Virginia: Car Crash – a Lawyer’s Censure

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On September 1, 2011, a 32-page Order was entered in a car accident suit pending in Circuit Court for Charlottesville, Virginia. The consolidated personal injury and wrongful death cases are Lester v. Allied Concrete Co., No. CL08-150 c/w CL09-223.

The Lester auto accident litigation marquees the increasing importance of “social media” in personal injury and wrongful death matters. Plaintiff’s Facebook page became a discovery and post-trial battleground.

Plaintiff’s lawyer in Lester was found to have violated statute, rules and ethics and sanctioned for having his client delete Facebook photographs previously requested in discovery, for withholding related email from in camera inspection, and for misrepresenting information to the Court. The vehicle accident victim himself was found guilty of deactivating his Facebook and deleting its photos after discovery was requested and of making misrepresentation about the same and other facts; and was referred for criminal prosecution for perjury.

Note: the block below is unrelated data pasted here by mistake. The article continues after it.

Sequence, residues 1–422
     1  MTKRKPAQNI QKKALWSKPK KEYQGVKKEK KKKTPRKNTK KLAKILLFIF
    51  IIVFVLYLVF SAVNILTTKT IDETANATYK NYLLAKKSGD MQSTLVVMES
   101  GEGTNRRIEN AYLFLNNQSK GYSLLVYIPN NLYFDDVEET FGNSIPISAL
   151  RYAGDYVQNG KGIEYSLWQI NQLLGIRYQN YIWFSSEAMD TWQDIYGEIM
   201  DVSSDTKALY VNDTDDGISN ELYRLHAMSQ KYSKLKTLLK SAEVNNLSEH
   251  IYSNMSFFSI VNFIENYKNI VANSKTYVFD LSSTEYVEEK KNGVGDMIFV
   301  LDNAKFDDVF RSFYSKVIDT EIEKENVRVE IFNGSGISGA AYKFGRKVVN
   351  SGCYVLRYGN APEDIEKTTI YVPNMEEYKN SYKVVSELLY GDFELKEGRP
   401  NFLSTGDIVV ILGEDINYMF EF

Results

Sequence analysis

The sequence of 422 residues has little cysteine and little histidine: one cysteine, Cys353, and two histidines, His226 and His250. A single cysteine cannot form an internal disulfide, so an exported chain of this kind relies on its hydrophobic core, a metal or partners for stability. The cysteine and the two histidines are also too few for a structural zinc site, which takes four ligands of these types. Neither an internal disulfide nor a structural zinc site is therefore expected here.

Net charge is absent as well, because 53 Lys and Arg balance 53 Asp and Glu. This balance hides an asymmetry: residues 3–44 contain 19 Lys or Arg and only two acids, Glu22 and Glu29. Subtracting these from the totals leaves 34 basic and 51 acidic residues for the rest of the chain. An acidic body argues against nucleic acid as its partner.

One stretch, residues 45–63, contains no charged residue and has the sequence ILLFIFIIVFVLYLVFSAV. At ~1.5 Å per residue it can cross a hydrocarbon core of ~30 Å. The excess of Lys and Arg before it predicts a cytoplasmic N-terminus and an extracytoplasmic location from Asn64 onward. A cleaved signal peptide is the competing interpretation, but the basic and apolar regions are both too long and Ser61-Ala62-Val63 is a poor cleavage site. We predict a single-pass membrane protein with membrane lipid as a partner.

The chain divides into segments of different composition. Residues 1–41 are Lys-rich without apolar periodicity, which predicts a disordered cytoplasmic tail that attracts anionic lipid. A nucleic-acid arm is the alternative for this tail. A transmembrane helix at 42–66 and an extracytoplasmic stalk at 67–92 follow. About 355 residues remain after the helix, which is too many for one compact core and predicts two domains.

The Judge in Lester declared that “attorney-client privilege” and “work product doctrine” were inapplicable to the evidentiary spoliation and other misconduct. Finally, the Judge reduced Plaintiff’s damages award for the wrongful death of his wife by vehicle collision from $6,227,000.00 to $2,100,000.00 in what had been one of the largest Virginia jury verdicts in 2010.